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IIPT and UNWTO to partner in peace through tourism
an article by International Institute of Peace through Tourism

The International Institute for Peace through Tourism (IIPT) is proud to announce that it has signed a Memorandum of Understanding (MOU) with the World Tourism Organization (UNWTO). The MOU provides for cooperation between UNWTO and IIPT in implementing activities and events related to tourism and peace in response to the needs and interests of UNWTO Member States, the international tourism sector and the international community, and to develop policy recommendations to enhance the role of tourism in the peace building agenda. . .

L to R: UN Secretary General Dr. Taleb Rifai & Louis D’Amore, IIPT Founder and President

click on photo to enlarge

UNWTO Secretary-General, Taleb Rifai, emphasized the potential of tourism in peace building and reiterated the important role of IIPT in contributing to a culture of peace. “Tourism can be one of the most effective tools in peace building, as it brings people from around the world together, allowing them to exchange ideas, beliefs, and different points of view; these exchanges are the very foundation of mutual understanding, tolerance, and human enrichment.”

IIPT Founder and President Louis D’Amore said: “We are most honored to enter into this MOU with the World Tourism Organization. UNWTO has supported the initiatives of IIPT since its founding in 1986 and has been a partner with us in major IIPT conferences and summits beginning with our First Global Conference in Vancouver, on through to our most recent 5th IIPT African Conference in Lusaka, Zambia. We look forward to the opportunities presented by this MOU and to further collaboration with UNWTO in promoting a ‘Culture of Peace through Tourism.’”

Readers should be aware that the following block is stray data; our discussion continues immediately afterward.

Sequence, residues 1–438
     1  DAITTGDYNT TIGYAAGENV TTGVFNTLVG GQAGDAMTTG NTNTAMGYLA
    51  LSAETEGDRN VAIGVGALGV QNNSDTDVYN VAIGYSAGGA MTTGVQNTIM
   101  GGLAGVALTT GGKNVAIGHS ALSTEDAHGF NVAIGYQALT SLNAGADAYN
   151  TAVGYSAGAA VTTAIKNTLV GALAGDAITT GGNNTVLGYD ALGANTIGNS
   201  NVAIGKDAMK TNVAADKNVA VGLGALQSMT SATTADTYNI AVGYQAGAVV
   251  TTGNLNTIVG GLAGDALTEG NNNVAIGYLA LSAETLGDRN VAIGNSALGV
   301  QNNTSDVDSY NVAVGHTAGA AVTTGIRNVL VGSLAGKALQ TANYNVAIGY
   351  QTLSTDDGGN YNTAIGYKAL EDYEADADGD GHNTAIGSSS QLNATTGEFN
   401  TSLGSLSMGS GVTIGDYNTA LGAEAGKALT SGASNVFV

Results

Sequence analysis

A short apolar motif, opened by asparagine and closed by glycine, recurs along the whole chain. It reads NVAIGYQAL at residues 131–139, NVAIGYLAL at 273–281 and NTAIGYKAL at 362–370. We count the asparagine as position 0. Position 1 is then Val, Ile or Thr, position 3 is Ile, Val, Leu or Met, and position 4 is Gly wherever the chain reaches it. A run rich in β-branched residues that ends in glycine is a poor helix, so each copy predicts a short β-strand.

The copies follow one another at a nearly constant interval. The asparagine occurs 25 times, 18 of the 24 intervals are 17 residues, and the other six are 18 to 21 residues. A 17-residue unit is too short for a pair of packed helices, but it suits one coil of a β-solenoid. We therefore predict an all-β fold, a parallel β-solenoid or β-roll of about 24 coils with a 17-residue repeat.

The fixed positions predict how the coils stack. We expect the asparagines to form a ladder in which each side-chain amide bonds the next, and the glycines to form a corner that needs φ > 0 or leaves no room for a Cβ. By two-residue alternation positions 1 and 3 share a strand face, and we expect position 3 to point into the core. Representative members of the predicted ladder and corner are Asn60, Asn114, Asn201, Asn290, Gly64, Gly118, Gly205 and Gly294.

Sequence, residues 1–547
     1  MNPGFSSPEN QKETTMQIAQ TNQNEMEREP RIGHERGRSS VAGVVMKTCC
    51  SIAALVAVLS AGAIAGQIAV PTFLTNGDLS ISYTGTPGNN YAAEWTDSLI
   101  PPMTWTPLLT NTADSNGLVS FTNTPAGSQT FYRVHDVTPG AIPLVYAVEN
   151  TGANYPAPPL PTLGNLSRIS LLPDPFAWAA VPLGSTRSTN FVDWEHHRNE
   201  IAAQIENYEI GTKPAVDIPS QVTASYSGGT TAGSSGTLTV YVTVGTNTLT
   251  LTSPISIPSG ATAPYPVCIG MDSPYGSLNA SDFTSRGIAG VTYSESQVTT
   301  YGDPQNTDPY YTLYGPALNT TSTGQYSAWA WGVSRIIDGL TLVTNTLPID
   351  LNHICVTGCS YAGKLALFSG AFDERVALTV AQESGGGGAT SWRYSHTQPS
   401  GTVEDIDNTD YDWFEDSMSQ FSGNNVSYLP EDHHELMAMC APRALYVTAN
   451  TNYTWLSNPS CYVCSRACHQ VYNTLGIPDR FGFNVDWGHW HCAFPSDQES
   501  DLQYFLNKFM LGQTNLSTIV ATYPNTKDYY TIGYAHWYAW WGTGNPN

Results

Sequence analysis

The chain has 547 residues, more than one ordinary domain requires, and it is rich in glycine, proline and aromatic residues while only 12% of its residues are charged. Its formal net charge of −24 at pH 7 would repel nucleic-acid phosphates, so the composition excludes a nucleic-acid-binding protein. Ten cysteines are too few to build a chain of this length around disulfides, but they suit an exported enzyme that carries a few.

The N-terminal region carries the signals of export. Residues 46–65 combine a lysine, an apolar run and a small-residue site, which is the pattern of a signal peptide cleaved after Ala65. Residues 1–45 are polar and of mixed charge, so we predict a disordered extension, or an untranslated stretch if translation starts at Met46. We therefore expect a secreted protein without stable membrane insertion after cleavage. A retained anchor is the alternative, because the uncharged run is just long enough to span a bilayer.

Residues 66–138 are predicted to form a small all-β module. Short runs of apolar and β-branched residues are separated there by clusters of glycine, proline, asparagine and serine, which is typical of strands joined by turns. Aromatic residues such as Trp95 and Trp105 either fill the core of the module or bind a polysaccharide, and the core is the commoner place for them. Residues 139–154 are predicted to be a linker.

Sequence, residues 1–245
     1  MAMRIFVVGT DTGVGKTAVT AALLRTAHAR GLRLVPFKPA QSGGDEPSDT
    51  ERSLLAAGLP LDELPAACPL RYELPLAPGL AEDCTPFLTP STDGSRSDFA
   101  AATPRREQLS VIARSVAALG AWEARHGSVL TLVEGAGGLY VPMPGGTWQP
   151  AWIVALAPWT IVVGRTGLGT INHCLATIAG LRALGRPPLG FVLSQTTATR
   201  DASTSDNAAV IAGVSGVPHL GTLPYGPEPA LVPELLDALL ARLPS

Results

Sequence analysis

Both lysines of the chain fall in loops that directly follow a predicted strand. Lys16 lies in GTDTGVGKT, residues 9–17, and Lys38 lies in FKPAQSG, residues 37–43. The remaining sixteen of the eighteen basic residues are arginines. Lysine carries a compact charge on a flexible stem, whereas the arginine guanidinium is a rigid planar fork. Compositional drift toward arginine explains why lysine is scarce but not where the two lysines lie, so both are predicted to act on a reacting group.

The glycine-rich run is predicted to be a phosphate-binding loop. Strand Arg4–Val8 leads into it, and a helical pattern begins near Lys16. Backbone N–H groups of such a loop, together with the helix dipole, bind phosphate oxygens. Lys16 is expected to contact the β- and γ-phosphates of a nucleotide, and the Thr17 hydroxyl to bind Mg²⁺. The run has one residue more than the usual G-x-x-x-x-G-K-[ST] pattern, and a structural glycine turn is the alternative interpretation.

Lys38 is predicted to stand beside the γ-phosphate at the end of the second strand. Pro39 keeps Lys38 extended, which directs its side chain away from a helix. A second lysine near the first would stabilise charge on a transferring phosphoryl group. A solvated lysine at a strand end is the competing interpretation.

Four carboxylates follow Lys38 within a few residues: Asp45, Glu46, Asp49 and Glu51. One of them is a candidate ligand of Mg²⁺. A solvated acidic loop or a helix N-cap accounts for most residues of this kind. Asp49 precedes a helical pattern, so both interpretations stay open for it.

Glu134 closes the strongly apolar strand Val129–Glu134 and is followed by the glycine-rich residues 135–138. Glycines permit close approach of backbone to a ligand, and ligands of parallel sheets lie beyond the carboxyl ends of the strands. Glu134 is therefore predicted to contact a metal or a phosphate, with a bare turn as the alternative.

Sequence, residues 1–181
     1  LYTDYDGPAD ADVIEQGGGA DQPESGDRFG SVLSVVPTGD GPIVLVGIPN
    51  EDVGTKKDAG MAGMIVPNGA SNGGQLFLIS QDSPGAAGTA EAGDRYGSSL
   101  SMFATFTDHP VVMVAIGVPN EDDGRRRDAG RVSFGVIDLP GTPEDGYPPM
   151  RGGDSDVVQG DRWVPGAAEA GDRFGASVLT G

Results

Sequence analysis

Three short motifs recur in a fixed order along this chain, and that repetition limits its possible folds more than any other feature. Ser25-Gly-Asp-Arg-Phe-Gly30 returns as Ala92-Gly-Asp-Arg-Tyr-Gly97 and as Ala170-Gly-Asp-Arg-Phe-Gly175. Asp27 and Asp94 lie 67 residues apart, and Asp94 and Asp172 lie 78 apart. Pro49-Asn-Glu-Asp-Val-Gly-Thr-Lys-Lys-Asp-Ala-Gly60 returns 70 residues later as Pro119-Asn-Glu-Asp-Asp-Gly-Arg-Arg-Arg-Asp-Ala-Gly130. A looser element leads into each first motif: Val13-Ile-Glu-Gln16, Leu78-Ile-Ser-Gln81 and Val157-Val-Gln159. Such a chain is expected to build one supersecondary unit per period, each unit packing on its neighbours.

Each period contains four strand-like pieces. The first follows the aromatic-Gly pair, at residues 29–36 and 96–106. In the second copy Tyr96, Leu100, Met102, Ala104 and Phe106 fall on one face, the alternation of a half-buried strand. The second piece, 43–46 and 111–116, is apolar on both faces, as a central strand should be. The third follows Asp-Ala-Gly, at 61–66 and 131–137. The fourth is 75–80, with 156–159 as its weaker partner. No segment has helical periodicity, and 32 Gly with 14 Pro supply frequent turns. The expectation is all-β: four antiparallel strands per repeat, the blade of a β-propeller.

IIPT’s vision of peace embraces peace within ourselves; peace with our neighbors in the “global village”; peace with nature; peace with past generations – by honoring the traditions, cultures, and monuments they left as their legacies; peace with future generations – the core essence of sustainable development; and peace with our creator, bringing us full circle back to peace within ourselves.

IIPT achievements have included a number of firsts: first to introduce the concept of Sustainable Tourism Development (Vancouver Conference 1988) – four years prior to the Rio Summit; world’s first Codes of Ethics and Guidelines for Sustainable Tourism (1993) – one year following the Rio Summit; first international study on “Models of Best Practice – Tourism and Environment (1994); and the first legislation of any nation in the world on “Tourism in Support of the UN Millennium Development Goals” as a legacy of the 4th IIPT African Conference, Uganda, 2007.

IIPT conferences have produced a series of declarations including the Amman Declaration on Peace and Tourism officially adopted as a UN document, and most recently the Lusaka Declaration on Tourism and Climate Change, which has been broadly distributed. Other achievements have included broad distribution of the IIPT Credo of the Peaceful Traveler, Ambassador for Peace Awards for outstanding achievements in contributing to a “Culture of Peace through Tourism,” and a series of scholarships awarded to university students writing the best paper on the themes of our various conferences and summits. . .


Question(s) related to this article:

How can tourism promote a culture of peace?,

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Why tourism?

Can tourism be seen as an instrument to achieve complicity between people’s minds?

“There is nothing better that connects two people’s mind than a good conversation” The above quote could be used to describe the effect which tourism has on people. Like a great conversation, tourism could be said to play a vital role amongst people all over the world. It fosters communication in all its senses, intercultural dialogue and mutual understanding.  

In today’s world it is evident that there is a shortage of moral or ethical values amongst people across the different nations in this world, resulting in a globalised world lacking these morals and ethical values. Ignorance, the failure to consider the needs of others, and selfishness are a few of the ways which hinder us from embracing diversity and a common human perspective, which  would result informal empathy, internal moral compassion, tolerance of differences, historical consciousness and interpretation. The above mentioned features are intrinsic, inherent and can be found in the practice of tourism.

Tourism has been emphasized as one of the most effective instruments which continue to tackle to tackle social and economical poverty, as well as encourage the culture of peace practice amongst people. In looking at the UN architecture, one is able to see the growing implications which the tourism sector has on the world and world policies. . ...more.

This report was posted on June 3, 2012.